Understanding marihuana policy change in Uruguay: towards policy coherence?
Item statusRestricted Access
Embargo end date06/12/2022
Barry, Rachel Ann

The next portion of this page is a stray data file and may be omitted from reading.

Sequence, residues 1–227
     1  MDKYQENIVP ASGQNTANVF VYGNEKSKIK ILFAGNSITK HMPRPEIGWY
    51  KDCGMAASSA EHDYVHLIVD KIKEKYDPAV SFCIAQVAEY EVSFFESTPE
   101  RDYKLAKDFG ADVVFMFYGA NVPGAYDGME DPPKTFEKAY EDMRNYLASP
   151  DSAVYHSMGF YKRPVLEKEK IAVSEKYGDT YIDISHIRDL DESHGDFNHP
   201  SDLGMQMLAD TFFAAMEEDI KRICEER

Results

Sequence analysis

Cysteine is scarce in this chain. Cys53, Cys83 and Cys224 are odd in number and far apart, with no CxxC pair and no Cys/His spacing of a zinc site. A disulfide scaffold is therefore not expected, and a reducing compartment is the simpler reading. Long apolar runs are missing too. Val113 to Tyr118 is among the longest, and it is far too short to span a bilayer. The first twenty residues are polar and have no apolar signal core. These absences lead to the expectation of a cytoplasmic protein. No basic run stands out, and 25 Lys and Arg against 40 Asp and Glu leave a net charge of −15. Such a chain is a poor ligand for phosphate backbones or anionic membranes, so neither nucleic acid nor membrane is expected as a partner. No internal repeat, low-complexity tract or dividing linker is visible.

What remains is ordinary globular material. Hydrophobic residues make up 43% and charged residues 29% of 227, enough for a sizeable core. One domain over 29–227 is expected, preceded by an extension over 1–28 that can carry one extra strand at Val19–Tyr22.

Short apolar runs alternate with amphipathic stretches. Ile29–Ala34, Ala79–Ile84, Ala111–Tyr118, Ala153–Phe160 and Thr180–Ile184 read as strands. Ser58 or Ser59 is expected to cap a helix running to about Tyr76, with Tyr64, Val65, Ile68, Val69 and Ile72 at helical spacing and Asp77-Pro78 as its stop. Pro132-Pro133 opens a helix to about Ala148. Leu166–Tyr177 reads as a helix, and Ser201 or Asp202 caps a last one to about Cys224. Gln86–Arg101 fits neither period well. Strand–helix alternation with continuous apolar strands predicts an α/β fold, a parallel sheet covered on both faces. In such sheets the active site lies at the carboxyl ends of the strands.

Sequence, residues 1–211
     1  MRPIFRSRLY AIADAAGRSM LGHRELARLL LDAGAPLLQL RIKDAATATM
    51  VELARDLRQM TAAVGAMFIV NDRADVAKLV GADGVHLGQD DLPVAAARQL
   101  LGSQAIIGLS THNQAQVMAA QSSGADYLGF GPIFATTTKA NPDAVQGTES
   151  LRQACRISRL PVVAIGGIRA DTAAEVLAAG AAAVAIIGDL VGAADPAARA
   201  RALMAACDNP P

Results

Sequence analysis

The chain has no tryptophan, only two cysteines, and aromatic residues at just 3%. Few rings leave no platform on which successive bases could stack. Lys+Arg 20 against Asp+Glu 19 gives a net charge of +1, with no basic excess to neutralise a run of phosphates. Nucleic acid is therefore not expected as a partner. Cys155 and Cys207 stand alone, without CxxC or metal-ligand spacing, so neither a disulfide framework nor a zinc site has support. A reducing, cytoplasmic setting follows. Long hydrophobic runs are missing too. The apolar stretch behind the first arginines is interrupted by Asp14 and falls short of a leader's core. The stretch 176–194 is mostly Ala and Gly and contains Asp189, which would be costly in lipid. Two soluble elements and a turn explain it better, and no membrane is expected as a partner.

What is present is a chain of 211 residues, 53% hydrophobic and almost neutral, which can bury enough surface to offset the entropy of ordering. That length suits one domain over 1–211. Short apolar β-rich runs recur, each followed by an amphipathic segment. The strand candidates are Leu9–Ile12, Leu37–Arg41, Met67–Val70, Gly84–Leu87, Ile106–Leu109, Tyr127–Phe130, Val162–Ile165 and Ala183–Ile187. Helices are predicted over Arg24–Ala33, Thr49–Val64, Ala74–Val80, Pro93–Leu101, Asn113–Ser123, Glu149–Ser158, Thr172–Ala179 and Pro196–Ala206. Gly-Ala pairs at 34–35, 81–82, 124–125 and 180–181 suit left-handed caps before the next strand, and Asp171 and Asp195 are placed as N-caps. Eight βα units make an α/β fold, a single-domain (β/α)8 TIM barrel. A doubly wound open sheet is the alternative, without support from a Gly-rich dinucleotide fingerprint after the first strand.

BACKGROUND: In 2013, Uruguay became the first country in the world to comprehensively regulate the production, distribution and sale of marihuana for recreational purposes. Officials involved in developing Uruguay’s landmark legislation have framed it as part of the government’s strategy to regulate marihuana, tobacco and alcohol reflecting the state’s wider commitments to public health and rights-based approaches. While Uruguay’s regulation of marihuana has been widely depicted as an innovative alternative to both prohibition and commercialisation, there is limited empirical research exploring the political considerations that influenced its approach. In particular, there is a lack of evidence regarding the extent to which marihuana regulation was shaped or constrained by efforts to develop consistent regulation across unhealthy commodities, the specific context of the supply system in Uruguay, and international norms and agreements. This thesis sets out to address these neglected dimensions, exploring whether the development of Uruguay’s marihuana regulation can be understood with reference to the pursuit of policy coherence in health governance across horizontal and vertical dimensions. METHODS: This thesis is based on qualitative research conducted in Montevideo, Uruguay from October 2017 to September 2018. This encompasses data from 43 interviews with policymakers and stakeholders engaged in the development of marihuana regulation, as well as government documents, reports produced by NGOs and newspaper articles and fieldwork observations. RESULTS: The results are organised around four analytical themes. These are: 1. Analysis of how the ‘problem’ and potential ‘solutions’ to marihuana criminalisation were constructed within Uruguay’s marihuana policy debate, including the diverse priorities, concerns and positions influencing these various articulations; 2. Exploration of the extent to which Uruguay’s regulatory approach was influenced by a desire to promote policy coherence within health and across other policy spheres, with particular reference to public security, in a nationally specific context; 3. Examination of the extent to which marihuana regulation was shaped by international norms and commitments, including in relation to both drug control and financial systems; and 4. Consideration of how Uruguay’s regulatory framework was influenced by policy approaches in other countries – including in relation to retail and supply chains, product traceability, and user registration. Taken together, the results suggest that Uruguay’s approach to marihuana regulation was shaped by a confluence of domestic policy actors with diverse perspectives on individual liberties, anti-authoritarianism, harm reduction, public security and population health, who nevertheless exhibited a broadly shared desire to develop an alternative to marihuana criminalisation. Domestic policy actors selectively promoted limited horizontal policy coherence across marihuana, tobacco and alcohol regulation to achieve the implicit goal of legitimating marihuana production and use without creating a commercial driver or structural force that would promote excessive consumption. Visible tensions and anticipated expectations of key regional actors – namely Argentina, Brazil and the US government – have also shaped Uruguay’s marihuana regulation, resulting in a comparatively restrictive supply system that makes marihuana legally available under certain conditions as determined by the state and other government authorities. Paradoxically, the UN drug conventions were found to be less directly constraining on domestic policy space compared to the norms and practices of the international banking sector, which have exerted powerful influence over Uruguay’s ability to fully implement aspects of marihuana supply that require access to the formal financial system. Finally, Uruguay’s distinctive approach to state regulated marihuana supply can be understood as a form of ‘hybridisation’ in which aspects of policy models in other countries were selected, blended and adapted to the unique political and legal features of Uruguayan society, leading to the development of an innovative approach that nevertheless reflects elements found in existing marihuana supply systems. CONCLUSION: These findings qualify claims concerning the extent to which Uruguay’s approach to marihuana regulation was part of a coherent strategy to regulate unhealthy commodities. Drawing upon a diverse range of empirical data, alongside contemporary theories of policy change, this study demonstrates how national public security and crime-oriented frameworks, and international actors, norms and practices have shaped and constrained the development and implementation of a national health policy innovation. This research makes a distinctive contribution to the public health literature in exploring the impacts on policy space arising from conflicts between marihuana regulation and the practices of international finance. The findings raise important concerns about the extent to which public security and crime-oriented frameworks might circumscribe Uruguay’s ability to autonomously pursue its health goals in marihuana policy and for public health more broadly.
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